What is the Designs Act

Apr 12, 2016
Reading Time: 2 minutes
Written by Zachary Swan

Have you created a unique design for a product? Will this design be mass-produced and used commercially? Do you want to stop others from using your design?

What is the Designs Act?

The Designs Act 2003 (Cth) provides designers with a quick and simple framework to register and protect their designs. Protecting designs is important to the commercialisation of products. A successful registration grants the owner exclusive rights to their design. The Act, however, only protects the visual appearance of a product and a design can only be protected from infringement if it is registered.

What is a design?

A design is defined in the Act as the ‘overall appearance of the product resulting from one or more visual features.’ The visual features encompass the shape, configuration, pattern and ornamentation of the product but do not extend to the product’s feel or the materials used. The Act only protects the design’s aesthetic value and not its functionality, however the functionality of the product may be protected by patent.

In other words, a furniture manufacturer may not be granted a registered design for a standard chair, but may successfully register the chair’s unique shape and pattern. If the visual features enhance the functional value of a product, such as an ergonomic cushion of a chair, a design application may still be made. A range of designs can be registered across a variety of industries including fashion and textiles, manufacturing and digital media.

Why register your design?

Registration is necessary to protect your design from infringement. This is imperative if the design is to be mass-produced and have a commercial or industrial use. The term of protection for a registered design is 5 years from the filing date of the application, this term may be extended a further 5 years.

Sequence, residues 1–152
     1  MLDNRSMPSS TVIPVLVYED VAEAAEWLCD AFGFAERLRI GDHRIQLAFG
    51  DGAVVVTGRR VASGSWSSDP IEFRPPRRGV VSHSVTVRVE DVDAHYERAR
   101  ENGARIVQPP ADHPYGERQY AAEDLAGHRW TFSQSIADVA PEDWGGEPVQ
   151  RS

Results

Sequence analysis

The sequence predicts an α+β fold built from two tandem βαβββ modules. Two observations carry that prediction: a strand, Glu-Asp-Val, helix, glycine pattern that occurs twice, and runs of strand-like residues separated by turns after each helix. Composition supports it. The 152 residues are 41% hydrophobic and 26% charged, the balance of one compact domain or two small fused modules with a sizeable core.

How to Register Your Design

To qualify for registration, a design must be new and distinctive when compared to the prior art base existing before the priority date. The prior art base includes designs publicly used in Australia, designs published in a document nationally and internationally, and designs that have been disclosed in earlier design applications.

  • A ‘new’ design must not be identical to any of the designs within the prior art base.
  • To be ‘distinctive,’ the design must not be substantially similar in overall appearance to any other designs within the prior art base.

If the design is qualified as new and distinctive, the designer must lodge a design application with the Designs Office of IP Australia, where it will be registered. All registered designs are publicly available through the Australian Designs Data Searching and the Official Journal of Designs.

Alternatively, a designer may prefer to publish rather than register their design if they believe that the registration will not be certified or as a commercial tactic to prevent others from registering.

What are the rights of the owner?

A successful registration grants the owner exclusive rights to control the design and its use in products, during the term of registration, such as:

  • The right use the design
  • The right to sell the design.
  • The right to license the design.

As a registered owner you can take action to enforce these exclusive rights against those infringing your design. This action is available only when the design has been examined and certified by the Registrar.

Lawpath has access to highly qualified IP attorneys that can help protect your design. Contact a LawPath consultant on 1800 529 728 to learn more about customising legal documents, obtaining a fixed-fee quote from our network of 1000+ expert lawyers or any other legal needs.

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